If you’re visiting this site then you are probably thinking "How do I become a personal trainer?" You probably willl have many questions about the qualifications for becoming a personal trainer and it can be very confusing. We’ve put together some tips to help you on your journey to become a personal trainer and perhaps the most important advice at this stage is to ensure that any Personal Trainer Courses and related training that you undertake are valid and recognised not only in this country but internationally. In order to be clear that your training provider is selling you the right course, check that it is a Register of Exercise Professionals (REPs) accredited course. REPs is a national register of qualified fitness instructors and personal trainers in the UK. You will find it very difficult to get employment as a PT without being on the register, and the only way to get on the register is to have a valid UK qualification. You can buy a PT course on line for £200 but it wont be worth the paper it is written on and will be a total waste of your money, so make sure you have checked that it is REPs accredited. If in doubt, contact REPs direct, they are very helpful and their main function is to do just that - support people like you. www.exerciseregister.org
In order to become a personal trainer you must first complete a Level 2 Gym Instructor qualification. When looking at a gym instructor course, ensure it is accredited by a reputable awarding body such as CYQ (Central YMCA Qualifications) and is found on the (REPs) website. After that, you can move onto your Level 3 Personal Trainer Course which I would also recommend is done as a CYQ certificate. As a personal trainer you will be working at a much higher level than as a level 2 gym instructor. Much of the work that you will be doing will be using your expertise and knowledge to assess the needs and requirements of your clients based upon your consultations and tests, and develop an understanding of their physical and nutritional requirements, from which you will develop your individual programme. It is vital therefore that you are qualified and competent to be able to provide such a programme, and this means being a REPs accredited level 3 Personal Trainer.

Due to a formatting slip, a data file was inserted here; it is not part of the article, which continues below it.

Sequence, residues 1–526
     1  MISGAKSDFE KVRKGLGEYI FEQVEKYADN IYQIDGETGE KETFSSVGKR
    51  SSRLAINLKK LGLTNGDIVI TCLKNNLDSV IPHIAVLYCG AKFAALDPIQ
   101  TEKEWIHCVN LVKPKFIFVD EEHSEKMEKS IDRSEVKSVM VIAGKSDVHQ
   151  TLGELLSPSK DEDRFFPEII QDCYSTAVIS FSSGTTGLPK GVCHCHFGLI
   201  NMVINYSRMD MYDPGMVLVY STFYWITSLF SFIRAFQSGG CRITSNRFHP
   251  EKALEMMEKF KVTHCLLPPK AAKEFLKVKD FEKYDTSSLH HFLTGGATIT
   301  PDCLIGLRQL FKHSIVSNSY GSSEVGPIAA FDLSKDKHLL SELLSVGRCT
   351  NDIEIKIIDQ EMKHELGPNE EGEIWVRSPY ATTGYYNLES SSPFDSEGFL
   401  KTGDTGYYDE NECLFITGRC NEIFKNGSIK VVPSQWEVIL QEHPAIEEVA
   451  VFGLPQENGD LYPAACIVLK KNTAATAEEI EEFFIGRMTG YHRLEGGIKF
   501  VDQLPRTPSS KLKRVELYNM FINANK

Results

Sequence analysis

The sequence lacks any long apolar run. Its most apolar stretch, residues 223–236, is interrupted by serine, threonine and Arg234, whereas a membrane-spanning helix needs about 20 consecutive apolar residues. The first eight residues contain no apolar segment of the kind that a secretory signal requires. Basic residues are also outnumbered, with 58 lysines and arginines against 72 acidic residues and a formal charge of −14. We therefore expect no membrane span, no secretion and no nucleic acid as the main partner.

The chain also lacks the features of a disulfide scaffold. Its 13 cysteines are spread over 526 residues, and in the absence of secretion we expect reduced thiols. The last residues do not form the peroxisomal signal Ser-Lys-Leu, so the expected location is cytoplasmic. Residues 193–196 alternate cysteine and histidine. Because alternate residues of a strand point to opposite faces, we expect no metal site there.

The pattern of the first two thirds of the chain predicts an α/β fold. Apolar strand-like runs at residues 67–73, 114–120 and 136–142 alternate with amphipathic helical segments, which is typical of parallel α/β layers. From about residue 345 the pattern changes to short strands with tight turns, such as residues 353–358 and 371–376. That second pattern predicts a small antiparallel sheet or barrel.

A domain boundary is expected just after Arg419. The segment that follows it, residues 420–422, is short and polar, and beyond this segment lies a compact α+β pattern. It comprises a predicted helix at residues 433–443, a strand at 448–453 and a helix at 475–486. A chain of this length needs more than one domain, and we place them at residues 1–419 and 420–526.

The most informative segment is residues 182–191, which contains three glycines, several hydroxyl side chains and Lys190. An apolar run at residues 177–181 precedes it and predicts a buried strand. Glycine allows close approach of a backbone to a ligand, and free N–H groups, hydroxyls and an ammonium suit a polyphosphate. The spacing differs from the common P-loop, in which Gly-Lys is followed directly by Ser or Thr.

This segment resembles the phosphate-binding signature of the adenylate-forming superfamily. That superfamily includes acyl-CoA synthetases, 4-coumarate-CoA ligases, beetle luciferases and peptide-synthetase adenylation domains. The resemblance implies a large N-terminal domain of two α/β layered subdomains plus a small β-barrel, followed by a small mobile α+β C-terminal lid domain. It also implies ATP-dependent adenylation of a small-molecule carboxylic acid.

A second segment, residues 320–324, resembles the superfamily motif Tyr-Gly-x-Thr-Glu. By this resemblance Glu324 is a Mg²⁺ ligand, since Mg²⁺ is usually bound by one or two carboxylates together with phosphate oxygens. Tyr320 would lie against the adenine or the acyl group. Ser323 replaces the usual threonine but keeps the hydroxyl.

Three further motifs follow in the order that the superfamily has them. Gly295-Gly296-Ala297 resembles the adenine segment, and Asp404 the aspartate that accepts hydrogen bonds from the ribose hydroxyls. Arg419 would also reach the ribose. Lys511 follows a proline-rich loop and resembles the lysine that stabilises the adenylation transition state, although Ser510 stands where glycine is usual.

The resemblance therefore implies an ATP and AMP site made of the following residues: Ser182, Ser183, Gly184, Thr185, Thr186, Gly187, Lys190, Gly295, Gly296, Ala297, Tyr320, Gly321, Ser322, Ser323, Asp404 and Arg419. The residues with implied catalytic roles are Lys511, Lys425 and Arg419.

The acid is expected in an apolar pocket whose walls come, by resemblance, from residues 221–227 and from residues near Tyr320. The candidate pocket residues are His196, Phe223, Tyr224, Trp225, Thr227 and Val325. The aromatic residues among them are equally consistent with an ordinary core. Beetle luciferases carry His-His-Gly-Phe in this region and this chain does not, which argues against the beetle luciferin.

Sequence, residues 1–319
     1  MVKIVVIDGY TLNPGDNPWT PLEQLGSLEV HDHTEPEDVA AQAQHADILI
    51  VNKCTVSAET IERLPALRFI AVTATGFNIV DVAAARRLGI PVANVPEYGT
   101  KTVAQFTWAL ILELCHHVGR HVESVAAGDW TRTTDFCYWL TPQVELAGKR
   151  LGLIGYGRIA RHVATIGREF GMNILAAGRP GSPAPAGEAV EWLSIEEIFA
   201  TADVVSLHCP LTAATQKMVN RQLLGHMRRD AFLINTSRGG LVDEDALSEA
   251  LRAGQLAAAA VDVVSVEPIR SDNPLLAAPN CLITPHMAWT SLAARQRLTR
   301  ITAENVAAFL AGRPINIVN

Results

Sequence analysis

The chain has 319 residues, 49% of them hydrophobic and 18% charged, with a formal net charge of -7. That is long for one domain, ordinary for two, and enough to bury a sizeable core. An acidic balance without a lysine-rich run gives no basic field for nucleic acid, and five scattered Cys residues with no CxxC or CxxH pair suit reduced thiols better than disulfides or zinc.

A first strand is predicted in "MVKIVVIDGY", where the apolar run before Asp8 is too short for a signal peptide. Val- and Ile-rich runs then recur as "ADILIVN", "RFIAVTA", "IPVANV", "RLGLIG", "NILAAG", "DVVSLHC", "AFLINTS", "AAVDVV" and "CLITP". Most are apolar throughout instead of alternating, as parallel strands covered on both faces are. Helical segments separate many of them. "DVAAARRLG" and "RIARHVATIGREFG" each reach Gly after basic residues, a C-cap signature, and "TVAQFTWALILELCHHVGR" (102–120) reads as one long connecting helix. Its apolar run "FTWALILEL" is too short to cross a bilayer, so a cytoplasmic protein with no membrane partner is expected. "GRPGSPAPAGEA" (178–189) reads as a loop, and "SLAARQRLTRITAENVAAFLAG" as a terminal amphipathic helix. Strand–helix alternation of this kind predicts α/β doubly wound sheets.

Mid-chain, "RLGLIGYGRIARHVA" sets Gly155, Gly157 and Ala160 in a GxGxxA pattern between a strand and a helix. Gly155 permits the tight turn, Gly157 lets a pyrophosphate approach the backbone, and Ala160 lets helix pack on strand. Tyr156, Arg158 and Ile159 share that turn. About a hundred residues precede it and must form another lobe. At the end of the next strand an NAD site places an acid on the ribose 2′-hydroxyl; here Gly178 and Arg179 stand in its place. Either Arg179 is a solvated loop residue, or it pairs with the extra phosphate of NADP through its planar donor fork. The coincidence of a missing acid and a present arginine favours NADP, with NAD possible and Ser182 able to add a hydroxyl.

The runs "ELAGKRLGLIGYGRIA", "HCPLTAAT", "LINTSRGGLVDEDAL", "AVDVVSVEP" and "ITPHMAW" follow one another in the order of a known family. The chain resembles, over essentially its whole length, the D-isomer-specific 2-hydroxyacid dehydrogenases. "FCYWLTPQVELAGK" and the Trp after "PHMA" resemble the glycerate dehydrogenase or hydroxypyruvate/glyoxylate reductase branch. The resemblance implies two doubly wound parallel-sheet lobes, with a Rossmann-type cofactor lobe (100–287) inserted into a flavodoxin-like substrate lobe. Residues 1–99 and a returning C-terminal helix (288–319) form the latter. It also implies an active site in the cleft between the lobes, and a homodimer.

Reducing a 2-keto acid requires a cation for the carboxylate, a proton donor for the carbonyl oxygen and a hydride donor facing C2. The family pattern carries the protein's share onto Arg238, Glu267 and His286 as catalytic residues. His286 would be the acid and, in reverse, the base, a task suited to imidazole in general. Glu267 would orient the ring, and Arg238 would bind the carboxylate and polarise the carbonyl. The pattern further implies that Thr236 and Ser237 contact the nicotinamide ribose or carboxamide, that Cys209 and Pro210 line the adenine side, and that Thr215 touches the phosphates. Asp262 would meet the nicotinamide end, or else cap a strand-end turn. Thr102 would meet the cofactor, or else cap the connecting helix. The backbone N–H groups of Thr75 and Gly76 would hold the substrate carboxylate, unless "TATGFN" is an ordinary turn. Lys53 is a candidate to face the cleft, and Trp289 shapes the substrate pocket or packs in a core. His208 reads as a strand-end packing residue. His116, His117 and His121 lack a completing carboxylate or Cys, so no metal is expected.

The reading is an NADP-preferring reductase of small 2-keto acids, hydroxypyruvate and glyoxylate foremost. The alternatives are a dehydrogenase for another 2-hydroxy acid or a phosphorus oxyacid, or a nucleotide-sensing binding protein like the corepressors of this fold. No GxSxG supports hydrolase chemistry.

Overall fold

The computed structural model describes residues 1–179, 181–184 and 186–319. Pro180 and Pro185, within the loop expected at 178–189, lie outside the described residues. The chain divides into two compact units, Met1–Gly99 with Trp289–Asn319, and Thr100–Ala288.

Having worked in the personal training industry for many years, I have found it has become more and more competitive. There are so many options available to individuals that it can sometimes become bewildering which personal trainer course to choose. As a result of this, I’m going to highlight some key facts that you need to know when choosing a personal trainer qualification and subsequently a personal trainer course.
Explaining the types of qualification
I’ll start out by explaining what types of qualifications are out there. This can be very confusing at times for someone who is new to the industry, so I will endeavour to make it as simple as I can. There are a lot of different qualifications that will allow you to work as a Personal Trainer.
The first qualification you can do is via a Vocationally Related Personal Trainer Qualification and are commonly known as taught programmes. These tend to be the most common and preferred type of personal trainer qualification out there as they’re shorter and easy to access. Vocationally Related Personal Trainer Qualification's focus on developing and assessing on an individual’s knowledge and understanding of a specific subject.
The second type of qualification is the National Vocational Personal Trainer Qualification and are commonly known as work-based personal trainer qualifications. That means you need to either have a job or have work experience in the personal trainer industry. These Personal Trainer Qualifications aim to assess and individual’s competencies in specific tasks and skills common to the job role in the workplace.